The popularity of CBD products is on the rise, with an increasing number of state legislatures following a federal move to legalize marijuana’s hemp cousin.
But the News4 I-Team has learned the field tests commonly used by law enforcement to detect drugs haven’t kept pace, resulting in legal headaches for some CBD users whose products test positive for pot.
What’s more, many government-run forensic labs aren’t yet capable of measuring the exact amount of THC — the chemical that can produce a high — in most CBD or marijuana products, a necessary tool to help distinguish between the two.
While marijuana is high in THC, it’s usually found in only trace amounts in hemp-derived CBD, which many claim has health benefits. Federal law passed last year allows for hemp-derived CBD products with THC no greater than 0.3 percent, prompting many state legislatures to follow suit.
But the testing technology “is woefully behind the where it needs to be,” said James Moody, a D.C. attorney who specializes in cannabis law. “I don't think anyone anticipated the rise in the use of CBD.”
He’s among those sounding the alarm over drug field tests designed to help police quickly identify the possible presence of illicit drugs.
Law enforcement have historically used the kits to detect the presence of cannabis, which could indicate marijuana. But because hemp and marijuana are both cannabinoids derived from the cannabis sativa plant, police don’t have an easy way to tell the difference.
“Judges are being told that [a] product is being field tested and is coming back positive for THC, and that's factually incorrect,” Moody said. “They very well could be possessing nothing other than CBD, which is completely legal.”
Michael, a Virginia man who asked News4 not to use his last name, is a CBD vendor who knows firsthand the limitations of the field tests.
He was detained last year during a police raid of a Washington, D.C., party where others were selling marijuana. While D.C. legalized marijuana possession in small amounts, it’s illegal to sell it.
But Michael said he wasn’t worried about being arrested for selling CBD “because I was confident in our products,” which he said had been vetted by a private lab to determine its low THC content.
That confidence was tested, however, when a D.C. police officer placed samples of his product in a disposable field test and it turned purple — the color traditionally indicating marijuana.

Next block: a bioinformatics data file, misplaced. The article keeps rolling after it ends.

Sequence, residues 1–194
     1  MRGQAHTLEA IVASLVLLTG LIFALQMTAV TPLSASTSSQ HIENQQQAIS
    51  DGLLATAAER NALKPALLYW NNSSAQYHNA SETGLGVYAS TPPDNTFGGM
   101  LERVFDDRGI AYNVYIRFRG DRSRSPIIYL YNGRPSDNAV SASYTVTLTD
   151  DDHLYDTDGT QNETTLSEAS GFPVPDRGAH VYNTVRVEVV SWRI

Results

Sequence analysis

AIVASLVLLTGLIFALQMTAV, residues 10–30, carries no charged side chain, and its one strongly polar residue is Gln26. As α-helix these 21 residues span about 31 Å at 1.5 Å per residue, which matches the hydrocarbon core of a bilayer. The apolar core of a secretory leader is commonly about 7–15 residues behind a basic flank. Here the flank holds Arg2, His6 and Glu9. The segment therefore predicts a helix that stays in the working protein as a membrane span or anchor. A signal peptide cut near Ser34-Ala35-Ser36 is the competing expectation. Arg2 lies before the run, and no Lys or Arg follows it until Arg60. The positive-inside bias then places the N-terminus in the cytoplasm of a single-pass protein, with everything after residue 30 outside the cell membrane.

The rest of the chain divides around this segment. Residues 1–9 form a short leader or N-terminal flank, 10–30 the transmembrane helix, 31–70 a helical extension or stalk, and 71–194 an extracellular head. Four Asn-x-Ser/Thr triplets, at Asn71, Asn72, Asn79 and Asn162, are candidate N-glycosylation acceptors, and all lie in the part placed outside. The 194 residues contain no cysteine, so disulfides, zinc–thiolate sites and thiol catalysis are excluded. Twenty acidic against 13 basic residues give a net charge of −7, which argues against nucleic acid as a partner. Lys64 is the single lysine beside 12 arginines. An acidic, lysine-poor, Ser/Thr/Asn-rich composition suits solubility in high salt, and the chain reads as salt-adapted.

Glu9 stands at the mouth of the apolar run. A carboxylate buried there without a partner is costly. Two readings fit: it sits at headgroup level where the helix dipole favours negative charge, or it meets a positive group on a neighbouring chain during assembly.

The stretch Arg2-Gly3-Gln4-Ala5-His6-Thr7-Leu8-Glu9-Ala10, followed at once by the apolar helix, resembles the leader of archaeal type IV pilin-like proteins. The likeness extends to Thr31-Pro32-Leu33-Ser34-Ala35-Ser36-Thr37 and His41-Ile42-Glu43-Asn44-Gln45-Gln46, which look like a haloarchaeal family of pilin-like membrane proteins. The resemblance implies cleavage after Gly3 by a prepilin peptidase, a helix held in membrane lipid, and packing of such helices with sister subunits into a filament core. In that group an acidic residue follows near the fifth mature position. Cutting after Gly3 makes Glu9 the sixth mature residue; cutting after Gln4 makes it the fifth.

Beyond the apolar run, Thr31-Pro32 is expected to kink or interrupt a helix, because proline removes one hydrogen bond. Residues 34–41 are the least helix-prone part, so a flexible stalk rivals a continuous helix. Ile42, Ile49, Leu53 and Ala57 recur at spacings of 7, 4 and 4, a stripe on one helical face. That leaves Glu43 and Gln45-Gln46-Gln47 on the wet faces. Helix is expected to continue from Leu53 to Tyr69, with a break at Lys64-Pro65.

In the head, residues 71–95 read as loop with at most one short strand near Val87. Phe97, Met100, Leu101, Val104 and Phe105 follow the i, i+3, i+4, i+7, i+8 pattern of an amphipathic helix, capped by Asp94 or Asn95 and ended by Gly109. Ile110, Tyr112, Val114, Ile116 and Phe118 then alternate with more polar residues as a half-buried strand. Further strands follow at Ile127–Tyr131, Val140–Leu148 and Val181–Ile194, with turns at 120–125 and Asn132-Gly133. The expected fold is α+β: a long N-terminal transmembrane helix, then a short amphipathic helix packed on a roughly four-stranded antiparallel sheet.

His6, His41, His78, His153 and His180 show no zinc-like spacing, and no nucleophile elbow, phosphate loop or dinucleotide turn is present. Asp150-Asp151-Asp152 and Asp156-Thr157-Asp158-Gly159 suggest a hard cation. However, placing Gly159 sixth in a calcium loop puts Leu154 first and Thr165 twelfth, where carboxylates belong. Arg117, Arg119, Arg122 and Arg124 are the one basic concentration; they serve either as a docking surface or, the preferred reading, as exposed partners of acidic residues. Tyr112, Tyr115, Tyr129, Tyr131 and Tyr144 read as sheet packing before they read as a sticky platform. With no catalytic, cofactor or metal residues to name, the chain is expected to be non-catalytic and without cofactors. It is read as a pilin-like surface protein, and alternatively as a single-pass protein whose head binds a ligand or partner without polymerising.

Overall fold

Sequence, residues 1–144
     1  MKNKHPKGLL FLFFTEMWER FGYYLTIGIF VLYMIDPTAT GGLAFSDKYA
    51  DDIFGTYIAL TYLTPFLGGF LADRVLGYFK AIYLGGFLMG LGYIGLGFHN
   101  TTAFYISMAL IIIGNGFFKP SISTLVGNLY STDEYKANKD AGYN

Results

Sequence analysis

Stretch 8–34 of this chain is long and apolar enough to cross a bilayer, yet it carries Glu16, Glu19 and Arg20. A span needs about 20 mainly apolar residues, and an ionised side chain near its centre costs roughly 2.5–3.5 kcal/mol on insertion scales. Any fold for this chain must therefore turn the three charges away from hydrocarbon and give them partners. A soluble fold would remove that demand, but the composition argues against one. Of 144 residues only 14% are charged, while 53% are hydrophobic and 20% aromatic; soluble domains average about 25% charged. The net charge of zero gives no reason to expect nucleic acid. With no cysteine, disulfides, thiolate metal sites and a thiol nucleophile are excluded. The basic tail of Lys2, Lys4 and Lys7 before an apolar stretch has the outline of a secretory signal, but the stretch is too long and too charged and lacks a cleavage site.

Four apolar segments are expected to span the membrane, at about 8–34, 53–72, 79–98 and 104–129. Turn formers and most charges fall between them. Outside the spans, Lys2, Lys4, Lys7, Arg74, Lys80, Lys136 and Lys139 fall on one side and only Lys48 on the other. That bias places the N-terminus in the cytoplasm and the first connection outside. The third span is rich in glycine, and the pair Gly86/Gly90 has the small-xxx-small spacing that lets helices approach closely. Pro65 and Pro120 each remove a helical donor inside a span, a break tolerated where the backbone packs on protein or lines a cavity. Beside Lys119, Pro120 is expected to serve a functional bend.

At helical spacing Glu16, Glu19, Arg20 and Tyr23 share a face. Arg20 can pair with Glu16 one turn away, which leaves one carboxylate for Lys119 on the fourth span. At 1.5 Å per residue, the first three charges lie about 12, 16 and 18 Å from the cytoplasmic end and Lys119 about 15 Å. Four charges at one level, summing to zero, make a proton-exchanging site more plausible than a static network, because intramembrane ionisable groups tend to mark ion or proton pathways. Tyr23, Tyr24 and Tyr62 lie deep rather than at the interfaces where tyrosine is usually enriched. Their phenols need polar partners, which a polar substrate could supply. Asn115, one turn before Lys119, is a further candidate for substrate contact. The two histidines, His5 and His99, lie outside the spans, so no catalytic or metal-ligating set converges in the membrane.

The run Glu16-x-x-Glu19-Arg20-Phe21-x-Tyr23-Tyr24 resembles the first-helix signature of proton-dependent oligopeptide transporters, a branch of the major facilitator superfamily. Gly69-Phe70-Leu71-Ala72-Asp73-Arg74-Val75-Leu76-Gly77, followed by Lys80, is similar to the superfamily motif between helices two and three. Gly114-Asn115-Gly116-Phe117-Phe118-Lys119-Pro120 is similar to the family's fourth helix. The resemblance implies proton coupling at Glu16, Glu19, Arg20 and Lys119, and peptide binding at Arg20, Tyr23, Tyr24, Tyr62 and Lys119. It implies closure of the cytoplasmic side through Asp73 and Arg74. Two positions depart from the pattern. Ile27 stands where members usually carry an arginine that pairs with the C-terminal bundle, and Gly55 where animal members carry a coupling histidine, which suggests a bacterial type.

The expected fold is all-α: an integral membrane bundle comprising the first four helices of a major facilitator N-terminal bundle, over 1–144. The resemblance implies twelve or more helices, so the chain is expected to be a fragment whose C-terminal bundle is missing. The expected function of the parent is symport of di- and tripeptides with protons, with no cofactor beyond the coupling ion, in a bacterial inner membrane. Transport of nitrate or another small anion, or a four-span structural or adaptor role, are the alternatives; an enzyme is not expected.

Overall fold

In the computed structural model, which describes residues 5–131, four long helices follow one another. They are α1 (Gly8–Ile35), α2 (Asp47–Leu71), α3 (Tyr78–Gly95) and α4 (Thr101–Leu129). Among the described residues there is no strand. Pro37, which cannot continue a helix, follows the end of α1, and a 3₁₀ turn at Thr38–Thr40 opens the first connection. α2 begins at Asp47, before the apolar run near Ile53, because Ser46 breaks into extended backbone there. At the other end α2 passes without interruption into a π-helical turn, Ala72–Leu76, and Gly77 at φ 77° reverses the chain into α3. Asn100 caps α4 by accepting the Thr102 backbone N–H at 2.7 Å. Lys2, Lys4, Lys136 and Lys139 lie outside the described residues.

"I was shocked,” Michael said. “I literally was like: Is this really happening right now?"
He said police seized his inventory but he was able to avoid arrest after showing the officer the lab results detailing the product’s content.
The I-Team found another case — this time out of Virginia — in which a store owner was arrested and charged with felony distribution of marijuana in March.
A spokeswoman for the Fredericksburg Police Department told News4 an undercover agent was acting on a tip when he first purchased what appeared to be marijuana in a CBD canister from Kyle Traugh’s store.
“It’s always a concern to us that there may be an illegal substance, [whether] someone's selling it on the streets or if they're selling it in a store,” spokeswoman Sarah Kirkpatrick said.
Traugh declined a formal interview, citing his pending legal case, but allowed News4 into his shop and showed the product in question — a bright black and green canister of “CBD hemp flowers.”
It looks and smells similar to pot, though the packaging claims the product contains less than 0.3 percent THC. Traugh told the I-Team he discussed its legality with the distributor prior to stocking it in his store.
Kirkpatrick said when police sent the material to a state lab, it came back as positive for the presence of THC. She acknowledged the exact amount of THC was not determined. Police soon raided and seized many of Traugh’s products, which included stash cans and other paraphernalia, and field tests for what Traugh said were CBD came back positive for cannabis, Kirkpatrick said.
That raid came in late March, just days after the Virginia General Assembly changed the definition of marijuana to mirror federal law. Now, Virginia allows for “finished” hemp-derived products, such as CBD, as long as they contain no more than 0.3 percent THC. Marijuana remains illegal.
Police and even state prosecutors in Virginia have not been widely alerted to the new law, the I-Team has found, which was signed into law on March 21. Bill sponsors passed it with an emergency clause, making it effective immediately.
Kirkpatrick said her agency’s goal is to enforce state law.
“Everything is going to have to change and keep up with the laws,” Kirkpatri